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Behold a brave new world of post-Brexit UK immigration control… February 14, 2017

Posted by WorldbyStorm in Uncategorized.
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Theresa May’s attempt to reclaim control of UK borders after Brexit could reduce annual migration from the EU by just 50,000 – one-sixth of the current overall annual figure, according to new research.

Sorry. What? 50k? Come again?

The report by a new thinktank, Global Future, shows total net immigration, which at the latest official estimate was 335,000 in the year to June 2016, could be expected to fall by no more than 15%, to 285,000 a year. Future free trade deals with non-EU countries suggests even this reduction could be wiped out.

Oh yeah, perhaps some have forgotten that for those free trade deals there might be trade-offs in relation to immigration to and from the UK.

I won’t deny that immigration control isn’t high on my list of priorities – but as the article itself makes clear in relation to the referendum one very salient point – and one that the Tories have run with subsequently.

The projection of a “vanishingly small reduction” is one of the first attempts to estimate how likely labour market demand, and the government’s planned new controls, could reduce the number of migrants coming to the UK. Reduction in immigrant numbers has been repeatedly cited in polls as the chief reason voters backed leaving the European Union.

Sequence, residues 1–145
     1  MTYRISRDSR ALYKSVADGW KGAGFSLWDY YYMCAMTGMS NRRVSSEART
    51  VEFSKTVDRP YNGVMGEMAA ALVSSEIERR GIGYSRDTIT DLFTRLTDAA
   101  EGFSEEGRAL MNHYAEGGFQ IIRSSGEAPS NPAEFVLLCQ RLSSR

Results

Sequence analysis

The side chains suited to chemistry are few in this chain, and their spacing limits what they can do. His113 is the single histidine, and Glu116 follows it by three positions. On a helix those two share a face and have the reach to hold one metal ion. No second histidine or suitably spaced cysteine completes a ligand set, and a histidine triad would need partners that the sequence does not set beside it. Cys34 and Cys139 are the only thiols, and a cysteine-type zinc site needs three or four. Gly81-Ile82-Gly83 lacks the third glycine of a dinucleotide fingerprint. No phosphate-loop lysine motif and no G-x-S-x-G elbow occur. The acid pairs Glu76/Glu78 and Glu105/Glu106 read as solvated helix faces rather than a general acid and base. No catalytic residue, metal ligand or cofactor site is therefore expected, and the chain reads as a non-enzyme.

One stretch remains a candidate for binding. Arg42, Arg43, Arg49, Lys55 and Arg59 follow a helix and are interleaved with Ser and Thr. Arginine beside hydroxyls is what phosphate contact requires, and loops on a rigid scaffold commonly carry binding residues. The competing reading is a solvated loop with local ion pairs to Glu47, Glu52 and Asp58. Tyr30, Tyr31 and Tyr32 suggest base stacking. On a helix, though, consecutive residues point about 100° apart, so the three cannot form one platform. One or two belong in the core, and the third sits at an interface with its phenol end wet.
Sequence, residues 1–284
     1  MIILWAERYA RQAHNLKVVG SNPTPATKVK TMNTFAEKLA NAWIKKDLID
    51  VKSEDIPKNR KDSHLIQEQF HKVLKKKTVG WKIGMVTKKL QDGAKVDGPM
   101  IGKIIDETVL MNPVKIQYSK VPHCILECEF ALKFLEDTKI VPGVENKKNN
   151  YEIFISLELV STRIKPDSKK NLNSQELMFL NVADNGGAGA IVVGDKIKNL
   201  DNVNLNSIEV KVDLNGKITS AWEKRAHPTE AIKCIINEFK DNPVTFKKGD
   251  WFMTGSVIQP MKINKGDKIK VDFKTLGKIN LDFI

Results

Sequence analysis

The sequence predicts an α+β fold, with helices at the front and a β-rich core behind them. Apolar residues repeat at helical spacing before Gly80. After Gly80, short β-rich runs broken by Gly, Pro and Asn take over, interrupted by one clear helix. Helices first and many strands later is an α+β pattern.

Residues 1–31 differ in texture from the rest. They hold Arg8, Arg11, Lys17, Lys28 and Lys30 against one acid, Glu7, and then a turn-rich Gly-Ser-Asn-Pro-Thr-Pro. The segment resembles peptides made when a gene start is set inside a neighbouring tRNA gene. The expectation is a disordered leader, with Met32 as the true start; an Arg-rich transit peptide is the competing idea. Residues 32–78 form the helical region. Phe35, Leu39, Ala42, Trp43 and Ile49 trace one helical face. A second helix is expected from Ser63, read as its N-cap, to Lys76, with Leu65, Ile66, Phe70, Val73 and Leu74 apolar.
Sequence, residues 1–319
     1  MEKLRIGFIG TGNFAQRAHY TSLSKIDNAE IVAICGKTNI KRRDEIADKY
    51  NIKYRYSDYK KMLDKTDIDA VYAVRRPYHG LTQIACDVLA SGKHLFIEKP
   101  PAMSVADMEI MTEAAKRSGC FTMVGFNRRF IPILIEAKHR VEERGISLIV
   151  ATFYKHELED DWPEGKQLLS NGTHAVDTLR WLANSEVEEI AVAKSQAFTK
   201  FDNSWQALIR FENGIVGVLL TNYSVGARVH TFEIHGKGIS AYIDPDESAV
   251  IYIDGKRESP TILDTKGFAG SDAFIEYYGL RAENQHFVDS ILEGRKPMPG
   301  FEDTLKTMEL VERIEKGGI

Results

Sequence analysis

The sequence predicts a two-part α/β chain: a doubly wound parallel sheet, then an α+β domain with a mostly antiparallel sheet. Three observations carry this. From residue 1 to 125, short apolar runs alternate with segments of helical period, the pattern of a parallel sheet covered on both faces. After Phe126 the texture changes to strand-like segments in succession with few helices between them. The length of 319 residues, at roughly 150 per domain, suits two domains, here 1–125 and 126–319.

This is not going to be pretty.

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1. benmadigan - February 14, 2017

Sort of off topic but talking about a Brave New World – people might enjoy this 1958 interview on American TV with Aldous Huxley

https://eurofree3.wordpress.com/2017/02/11/aldous-huxley-todays-brave-new-world/

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2. sonofstan - February 14, 2017

Not pretty at all. The problem at the moment is that, for ‘Britons’, Brexit has had very little effect on their thinking or their planning for the future. Everything still looks the same. But I was talking to a student yesterday, from another EU country, who was trying to work out whether to take an internship in her home country next year after she graduates, or do her best to stay in the UK for the next couple of years and try and gain residency. The idea that decisions made now may have a huge effect on what you can or can’t do in the future is one EU residents here, and probably Brits elsewhere in the union are coping with right now.

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